Friday, August 18, 2006


Manuel Ramos

The Arte Público Fall Trade Catalog has several titles worth picking up. One that caught my eye is Enriqueta Vasquez and the Chicano Movement: Writings from El Grito del Norte, edited by Lorena Oropeza and Dionne Espinoza, with a Foreword by John Nichols. The catalog says: "Highlighting the involvement of women in the Chicano Movement, this anthology combines for the first time in one volume the columns written by Enriqueta Vasquez from 1968-1972 for the path-breaking Chicano newspaper, El Grito del Norte.
Enriqueta Vasquez’s columns written during the peak of the civil rights movement provided a platform for her fierce but hopeful voice of protest. In her column, entitled ¡Despierten Hermanos! [Awaken, Brothers and Sisters!], she used both anger and humor in her efforts to stir her fellow Chicanos to action. Drawing upon her own experiences as a Chicana, she wrote about such issues as racism, sexism, imperialism, and poverty, issues that remain pressing today." Look for this book in November.

In October, Arte Público will release Tyrone's Betrayal, the seventh novel in Gloria Velásquez's Roosevelt High School series, an "engaging novel for young adults [that] tackles the problem of absentee fathers in the African-American community."

This festival, postponed last year because of Katrina, has published its schedule, which you can find here. The festival takes place November 1 - 6 and it has a definite Chicano thing going on. Announced participants include Rolando Hinojosa, Luis Rodríguez, Ana Castillo, Mary Helen Lagasse, José Cuellar (Dr. Loco), the Iguanas, and yours truly talking about, of all things, La Bloga. There also will be a Día de los Muertos exhibit. You will hear more about this in the coming months but those of you into the literature (and music) and with some accrued annual leave might start thinking about the Crescent City in November.

Looking for some good summer reading that includes a couple of authors we have mentioned recently?

presents its second noir issue--Tempers and Temperatures Rise (August). You can find this nifty mag here. The latest issue has this intro:

In the murderous summer heat—when, to quote Raymond Chandler, "Meek little wives feel the edge of the carving knife and study their husbands' necks"—we invite you to chill with the icy killers, con men, and cops of our second noir issue. Giampiero Rigosi's hustlers board the "Night Bus" in Bologna, and Leonardo Padura's burned-out Cuban policeman confronts Hurricane Felix and his own tropical depression in "Havana Black." Tonino Benacquista's Parisian gallery worker wrestles modern art and a modern art thief in "Framed," Gianrico Carofiglio's weary Italan lawyer tries to stop smoking and go straight in "A Walk in the Dark," and Marek Krajewski's laconic inspector finds corpses in walls and ghosts everywhere in "End of the World in Breslau." Jakob Arjouni's disgraced gangster plots his heroic redemption in the antic "Black Story," while Santiago Paez's Ecuadorian cops investigate a suicide who's literally gone to pieces. Let tempers and temperatures rise: As Chandler noted, "Anything can happen."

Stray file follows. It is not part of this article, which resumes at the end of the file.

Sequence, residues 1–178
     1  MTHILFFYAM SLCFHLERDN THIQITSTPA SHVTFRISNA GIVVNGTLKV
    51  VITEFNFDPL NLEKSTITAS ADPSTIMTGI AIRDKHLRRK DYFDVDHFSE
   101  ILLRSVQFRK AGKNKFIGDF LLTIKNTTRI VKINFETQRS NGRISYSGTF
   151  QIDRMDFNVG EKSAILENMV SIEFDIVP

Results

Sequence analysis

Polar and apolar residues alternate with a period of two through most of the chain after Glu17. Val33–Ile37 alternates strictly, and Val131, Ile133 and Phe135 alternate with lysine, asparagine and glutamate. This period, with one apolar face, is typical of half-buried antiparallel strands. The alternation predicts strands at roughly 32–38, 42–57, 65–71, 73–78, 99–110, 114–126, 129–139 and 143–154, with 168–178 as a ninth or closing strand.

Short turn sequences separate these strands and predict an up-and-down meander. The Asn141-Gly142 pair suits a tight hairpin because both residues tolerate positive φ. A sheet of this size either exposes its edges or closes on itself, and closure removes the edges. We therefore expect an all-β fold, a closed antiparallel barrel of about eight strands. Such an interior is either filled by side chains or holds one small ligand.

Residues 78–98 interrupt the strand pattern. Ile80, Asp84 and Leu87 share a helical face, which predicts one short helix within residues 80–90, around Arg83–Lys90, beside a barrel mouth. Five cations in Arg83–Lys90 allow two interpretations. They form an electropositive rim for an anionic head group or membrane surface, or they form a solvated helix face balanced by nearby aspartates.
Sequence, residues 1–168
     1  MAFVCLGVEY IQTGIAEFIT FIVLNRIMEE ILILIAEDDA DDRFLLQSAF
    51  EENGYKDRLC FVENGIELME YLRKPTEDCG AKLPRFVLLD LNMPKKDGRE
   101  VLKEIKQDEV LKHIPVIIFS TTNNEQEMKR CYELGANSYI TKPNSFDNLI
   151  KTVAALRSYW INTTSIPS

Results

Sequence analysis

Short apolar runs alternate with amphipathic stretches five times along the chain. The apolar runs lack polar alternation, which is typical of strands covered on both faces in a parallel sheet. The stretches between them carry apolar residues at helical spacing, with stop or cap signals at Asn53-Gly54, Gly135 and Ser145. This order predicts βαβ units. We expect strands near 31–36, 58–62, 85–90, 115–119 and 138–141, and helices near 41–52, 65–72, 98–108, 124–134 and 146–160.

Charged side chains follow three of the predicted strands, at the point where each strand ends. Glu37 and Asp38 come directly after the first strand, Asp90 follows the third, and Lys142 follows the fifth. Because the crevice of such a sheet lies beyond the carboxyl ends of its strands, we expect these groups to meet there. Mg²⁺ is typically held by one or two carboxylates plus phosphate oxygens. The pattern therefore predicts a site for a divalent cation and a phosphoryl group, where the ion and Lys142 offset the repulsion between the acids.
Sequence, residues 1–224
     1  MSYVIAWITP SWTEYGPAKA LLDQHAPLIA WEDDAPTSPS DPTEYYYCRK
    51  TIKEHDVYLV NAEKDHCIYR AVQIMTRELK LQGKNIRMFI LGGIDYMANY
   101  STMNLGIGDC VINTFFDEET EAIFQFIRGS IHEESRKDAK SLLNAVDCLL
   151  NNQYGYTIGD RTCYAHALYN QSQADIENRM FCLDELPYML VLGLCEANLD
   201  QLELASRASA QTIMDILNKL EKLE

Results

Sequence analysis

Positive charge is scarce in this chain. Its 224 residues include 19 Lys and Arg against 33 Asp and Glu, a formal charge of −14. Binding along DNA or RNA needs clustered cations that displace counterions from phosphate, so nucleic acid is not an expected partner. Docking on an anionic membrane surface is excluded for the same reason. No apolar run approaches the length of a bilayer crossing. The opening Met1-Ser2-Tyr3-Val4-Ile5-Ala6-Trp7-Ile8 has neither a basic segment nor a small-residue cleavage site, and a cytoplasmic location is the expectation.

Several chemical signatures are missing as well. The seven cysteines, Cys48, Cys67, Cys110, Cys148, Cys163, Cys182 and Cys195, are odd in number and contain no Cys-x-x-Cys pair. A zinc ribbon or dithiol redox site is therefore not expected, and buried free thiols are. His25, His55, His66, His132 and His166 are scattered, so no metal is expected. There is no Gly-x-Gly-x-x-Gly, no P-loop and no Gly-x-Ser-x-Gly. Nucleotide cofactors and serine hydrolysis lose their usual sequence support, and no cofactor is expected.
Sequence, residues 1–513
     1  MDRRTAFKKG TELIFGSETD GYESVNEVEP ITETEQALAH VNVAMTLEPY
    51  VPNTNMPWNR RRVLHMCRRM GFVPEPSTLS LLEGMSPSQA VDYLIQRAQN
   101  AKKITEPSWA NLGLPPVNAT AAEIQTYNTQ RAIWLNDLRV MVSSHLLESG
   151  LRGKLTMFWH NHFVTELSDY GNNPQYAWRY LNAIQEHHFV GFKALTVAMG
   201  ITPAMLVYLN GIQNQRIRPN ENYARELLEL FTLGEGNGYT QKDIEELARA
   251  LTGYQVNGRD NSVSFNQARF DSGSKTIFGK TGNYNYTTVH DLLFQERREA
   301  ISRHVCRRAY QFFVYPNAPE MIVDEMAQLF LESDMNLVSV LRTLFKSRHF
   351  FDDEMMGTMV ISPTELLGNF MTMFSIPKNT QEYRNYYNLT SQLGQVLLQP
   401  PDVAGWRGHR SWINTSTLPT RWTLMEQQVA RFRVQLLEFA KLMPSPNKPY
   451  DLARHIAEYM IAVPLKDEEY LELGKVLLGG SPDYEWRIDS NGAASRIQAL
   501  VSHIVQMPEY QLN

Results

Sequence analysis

August 26, 2006
11:00am – 6:00pm The flyer says:

The César Chávez Peace and Justice Committee of Denver (CCPJC) will kick off the first annual César Chávez Peace Jam 2006, at César Chávez Park (41st and Tennyson) on Saturday, August 26, 2006, from 11:00 am to 6:00 pm. Peace Jam 2006 is a fundraiser concert to support CCPJC’s annual César Chávez Day Celebration. There is a minimum $5 suggested donation.

Join us for a day in the park filled with the unique sounds of several of Colorado’s own local up and coming bands. Peace Jam 2006 will feature the talents of Brown Obsidian, Johnny Rodriguez y Los Diamantes, Jon Romero and the Cuervo Nation, Los Hermanos, RUMBA, The Denver Slam Team, DJ Aztlan, and many more! Community members will also be able to enjoy great food and drinks from local restaurants, goods from featured vendors and information provided by non-profit organizations throughout Colorado.

The author of Eulogy For A Brown Angel, Crimson Moon, Black Widow's Wardrobe and several other novels and works of poetry is going through a very rough time. Those of us who know Lucha are sending her positive thoughts, lighting candles, doing whatever we can. We may have more about her situation in upcoming posts on La Bloga.

Sorry about the lack of graphics (book covers, photos, logos) - something I think a blog should have, in addition to good content, of course. But the anti-image demonio that has plagued me for months is still at it - I was lucky to get one graphic inserted in this post.


1 comment:

Anonymous said...

tell the demonio to go to the demonio